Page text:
To assemble the tart, I poked the crust with the tines of a fork, spread the caramelized onions over the crust, added the blue cheese, and sprinkled on the tarragon. It seemed to be heavy on the toppings to me, but having tasted the onions, I was ready to trust Nick’s judgment on this one.

I baked the tart in a 400˚F oven for about 20 minutes, until the crust was baked through and the cheese had melted and begun to brown. I probably should have let it bake for a few more minutes, as the crust was quite soft when I cut it.

I let the tart cool for about 5 minutes, then cut into it. It was so good — the buttery crust, the tang and sweetness of the onions, the bite of the blue cheese, and the sweet, licorice-like flavor of the tarragon, all complemented one another perfectly.

Nick bills this tart as an appetizer or first course, but I was perfectly happy eating it for a late-night snack and breakfast the next morning. It would pair well with a crisp, fruity wine.

As much as I’ve enjoyed the sweet puff pastry recipes that we’ve made over the past month or so, I have to say that this is among my favorite recipes in this section so far.

Apple Tart with Lattice Crust {Bake!}

A small group of us have been working our way through Nick Malgieri’s Bake! at the slow steady pace of a few recipes per month. We took August off to catch up on any recipes we might have missed, or to get ahead on the next section. We started up again in September with Truffle Brownies, a great way to start, if you ask me.

This was the second recipe for September, chosen for us by Kayte. Yes, I said September. I actually made this recipe on time, I just didn’t get around to posting it until now. A month to catch up, and I’m already behind.

This was a fairly straightforward recipe. It’s basically an apple pie baked in a tart shell with a lattice crust.

The lattice topping is brushed with egg wash and sprinkled with sugar.

I had some filling leftover, so I baked it in a gratin dish with the extra crust from the lattice.

 This was a good pie, nothing extraordinary. Probably not one I’ll make again. But then, I have a lot of great apple pie, tart, and cake recipes to choose from.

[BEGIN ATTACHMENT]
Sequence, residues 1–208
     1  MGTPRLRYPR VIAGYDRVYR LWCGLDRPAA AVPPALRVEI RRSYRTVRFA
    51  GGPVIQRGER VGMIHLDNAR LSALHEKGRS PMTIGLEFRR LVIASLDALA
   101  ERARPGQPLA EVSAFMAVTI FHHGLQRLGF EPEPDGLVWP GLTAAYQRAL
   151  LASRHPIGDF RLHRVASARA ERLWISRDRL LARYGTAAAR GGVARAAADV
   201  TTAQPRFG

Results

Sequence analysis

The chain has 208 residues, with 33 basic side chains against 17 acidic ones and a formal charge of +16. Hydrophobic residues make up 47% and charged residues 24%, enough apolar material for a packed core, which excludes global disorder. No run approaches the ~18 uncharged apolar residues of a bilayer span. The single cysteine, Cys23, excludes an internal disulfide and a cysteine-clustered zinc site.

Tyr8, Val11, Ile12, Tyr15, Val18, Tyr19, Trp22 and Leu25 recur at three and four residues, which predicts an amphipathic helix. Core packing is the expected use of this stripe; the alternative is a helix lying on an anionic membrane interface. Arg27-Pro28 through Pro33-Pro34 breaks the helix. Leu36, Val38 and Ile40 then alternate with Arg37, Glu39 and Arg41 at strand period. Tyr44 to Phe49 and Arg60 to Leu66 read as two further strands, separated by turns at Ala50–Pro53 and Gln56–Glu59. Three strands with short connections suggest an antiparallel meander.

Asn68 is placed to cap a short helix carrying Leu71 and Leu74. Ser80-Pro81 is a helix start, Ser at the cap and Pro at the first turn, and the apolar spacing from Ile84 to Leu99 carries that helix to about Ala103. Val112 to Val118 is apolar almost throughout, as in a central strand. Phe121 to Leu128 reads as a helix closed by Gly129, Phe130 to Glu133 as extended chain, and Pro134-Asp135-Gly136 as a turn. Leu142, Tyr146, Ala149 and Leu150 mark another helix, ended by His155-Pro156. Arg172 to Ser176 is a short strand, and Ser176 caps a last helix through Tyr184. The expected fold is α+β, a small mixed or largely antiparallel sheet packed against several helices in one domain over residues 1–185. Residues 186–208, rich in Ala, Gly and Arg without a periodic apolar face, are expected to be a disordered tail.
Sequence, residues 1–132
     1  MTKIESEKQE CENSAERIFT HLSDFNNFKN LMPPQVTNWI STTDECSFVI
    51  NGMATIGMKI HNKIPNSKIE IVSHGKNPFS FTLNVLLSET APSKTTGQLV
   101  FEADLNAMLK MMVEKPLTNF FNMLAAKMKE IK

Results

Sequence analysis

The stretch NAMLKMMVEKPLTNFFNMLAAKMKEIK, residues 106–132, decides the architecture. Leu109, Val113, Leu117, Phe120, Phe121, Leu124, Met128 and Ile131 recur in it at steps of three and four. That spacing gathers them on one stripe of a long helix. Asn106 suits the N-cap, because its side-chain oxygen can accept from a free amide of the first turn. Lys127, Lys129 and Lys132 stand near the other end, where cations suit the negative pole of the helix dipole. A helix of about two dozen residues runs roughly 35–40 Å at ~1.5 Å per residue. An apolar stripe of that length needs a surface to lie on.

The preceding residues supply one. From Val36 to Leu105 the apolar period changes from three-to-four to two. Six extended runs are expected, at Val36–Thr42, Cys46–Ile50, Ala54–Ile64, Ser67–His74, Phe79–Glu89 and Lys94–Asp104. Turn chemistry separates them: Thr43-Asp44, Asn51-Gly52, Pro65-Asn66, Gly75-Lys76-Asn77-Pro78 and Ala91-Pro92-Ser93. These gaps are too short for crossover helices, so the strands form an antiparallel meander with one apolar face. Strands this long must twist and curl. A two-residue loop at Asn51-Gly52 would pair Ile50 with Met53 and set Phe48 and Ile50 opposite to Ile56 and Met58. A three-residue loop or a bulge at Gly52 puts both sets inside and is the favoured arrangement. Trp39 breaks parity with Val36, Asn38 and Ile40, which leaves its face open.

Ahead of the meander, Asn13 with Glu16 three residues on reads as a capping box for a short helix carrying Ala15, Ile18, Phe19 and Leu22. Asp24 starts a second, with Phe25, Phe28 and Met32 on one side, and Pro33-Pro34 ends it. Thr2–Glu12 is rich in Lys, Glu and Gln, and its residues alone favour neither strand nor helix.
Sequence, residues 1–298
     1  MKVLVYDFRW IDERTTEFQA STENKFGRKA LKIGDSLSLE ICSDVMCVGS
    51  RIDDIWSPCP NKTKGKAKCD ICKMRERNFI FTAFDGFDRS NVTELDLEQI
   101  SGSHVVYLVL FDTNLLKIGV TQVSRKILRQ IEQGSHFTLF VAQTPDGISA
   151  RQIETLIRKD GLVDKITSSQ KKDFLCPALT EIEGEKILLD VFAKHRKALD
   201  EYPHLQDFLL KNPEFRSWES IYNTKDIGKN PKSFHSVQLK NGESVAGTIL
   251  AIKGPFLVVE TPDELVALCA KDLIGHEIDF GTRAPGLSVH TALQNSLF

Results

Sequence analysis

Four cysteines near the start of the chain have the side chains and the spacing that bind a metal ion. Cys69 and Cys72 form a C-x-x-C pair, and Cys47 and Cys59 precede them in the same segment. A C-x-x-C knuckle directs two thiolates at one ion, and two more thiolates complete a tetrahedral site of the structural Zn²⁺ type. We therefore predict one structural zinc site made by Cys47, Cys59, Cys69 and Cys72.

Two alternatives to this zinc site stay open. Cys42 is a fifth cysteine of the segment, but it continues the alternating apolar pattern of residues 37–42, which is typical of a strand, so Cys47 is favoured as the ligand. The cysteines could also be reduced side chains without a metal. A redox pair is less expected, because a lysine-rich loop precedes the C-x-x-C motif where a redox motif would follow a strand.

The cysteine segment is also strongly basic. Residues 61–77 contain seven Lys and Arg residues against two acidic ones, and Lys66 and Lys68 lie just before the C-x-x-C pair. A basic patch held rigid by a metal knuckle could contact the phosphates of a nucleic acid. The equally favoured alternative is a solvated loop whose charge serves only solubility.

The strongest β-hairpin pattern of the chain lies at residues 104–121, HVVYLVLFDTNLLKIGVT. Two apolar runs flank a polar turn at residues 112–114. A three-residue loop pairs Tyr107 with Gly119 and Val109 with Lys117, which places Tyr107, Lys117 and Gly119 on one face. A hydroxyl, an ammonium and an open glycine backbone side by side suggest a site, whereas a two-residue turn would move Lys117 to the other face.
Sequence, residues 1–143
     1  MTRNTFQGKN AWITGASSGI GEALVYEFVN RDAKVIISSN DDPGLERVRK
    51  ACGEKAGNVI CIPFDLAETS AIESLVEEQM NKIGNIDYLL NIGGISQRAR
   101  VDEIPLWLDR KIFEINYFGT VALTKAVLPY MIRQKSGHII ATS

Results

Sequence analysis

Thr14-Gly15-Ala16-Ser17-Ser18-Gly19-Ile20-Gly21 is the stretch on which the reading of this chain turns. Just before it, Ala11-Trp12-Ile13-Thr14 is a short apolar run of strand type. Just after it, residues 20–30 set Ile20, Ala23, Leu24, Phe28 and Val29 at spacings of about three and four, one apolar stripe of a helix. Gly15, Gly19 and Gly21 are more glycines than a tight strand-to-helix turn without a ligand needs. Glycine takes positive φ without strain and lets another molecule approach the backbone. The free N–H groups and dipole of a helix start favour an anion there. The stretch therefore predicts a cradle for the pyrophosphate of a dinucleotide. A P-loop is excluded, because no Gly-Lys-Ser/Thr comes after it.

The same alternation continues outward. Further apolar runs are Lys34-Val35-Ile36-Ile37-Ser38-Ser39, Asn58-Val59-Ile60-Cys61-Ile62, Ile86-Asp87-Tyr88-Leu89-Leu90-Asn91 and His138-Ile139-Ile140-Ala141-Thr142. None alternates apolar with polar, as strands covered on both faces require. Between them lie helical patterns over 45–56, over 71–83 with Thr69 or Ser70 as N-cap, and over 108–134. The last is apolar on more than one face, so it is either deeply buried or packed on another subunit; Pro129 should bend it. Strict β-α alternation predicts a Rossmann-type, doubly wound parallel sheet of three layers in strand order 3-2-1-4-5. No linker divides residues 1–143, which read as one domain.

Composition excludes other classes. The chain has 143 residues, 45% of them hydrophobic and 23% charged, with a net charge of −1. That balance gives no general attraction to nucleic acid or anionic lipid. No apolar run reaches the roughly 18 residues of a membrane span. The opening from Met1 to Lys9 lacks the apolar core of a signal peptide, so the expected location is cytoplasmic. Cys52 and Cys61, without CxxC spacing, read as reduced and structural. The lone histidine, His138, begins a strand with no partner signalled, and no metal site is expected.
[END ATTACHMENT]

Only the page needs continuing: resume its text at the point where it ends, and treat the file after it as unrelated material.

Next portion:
Apple Tarte Tatin {ModBak}

After my recent tatin disaster, you’d think I wouldn’t want to rush right back in and try another one. But as I’m never one to let a little thing like failure dissuade me, jump back in I did. Besides, this it the real thing — a classic apple tarte tatin.

Having learned from my issues with the pineapple tatin, I did make some changes this time. To begin with, I made my caramel in a saucepan. That way, I could pour it out as soon as it was done so it wouldn’t overcook.

Now that, my friends, if perfectly cooked caramel. Despite my history of burning caramel, this time I nailed it.

The other change I made to the recipe was to bake it in a cake pan instead of a sauté pan. I poured the cooked caramel into the cake pan, then layered on the apples.

I covered the pan with puff pastry dough, which didn’t melt this time, as the pan wasn’t hot.

I baked the tatin at 350°F for about an hour, then cooled it a bit before turning it out onto a plate.

It was obvious at first glance that the caramel wasn’t overcooked on this tatin like it was when I made the pineapple tatin, and I was hopeful that this one would make up for the disaster I had the first time around.

I didn’t have any ice cream, so I served this one naked.

As it turned out, this tatin didn’t need any adornment. It was delicious. The caramel was perfectly cooked and complemented the apples beautifully. I would gladly make this again, caramel and all. In fact, this may just be the recipe to help me overcome my mental block with caramel.

Raspberry Almond Tartlets {ModBak}

Talk about saving the best for last. This is the final recipe I made from the Sweet Tarts & Pies section of The Modern Baker, and what a way to finish! I would have to put this recipe in the top 3 for this section, right up there with the Pumpkin Pecan and Bourbon-scented Pecan Tarts.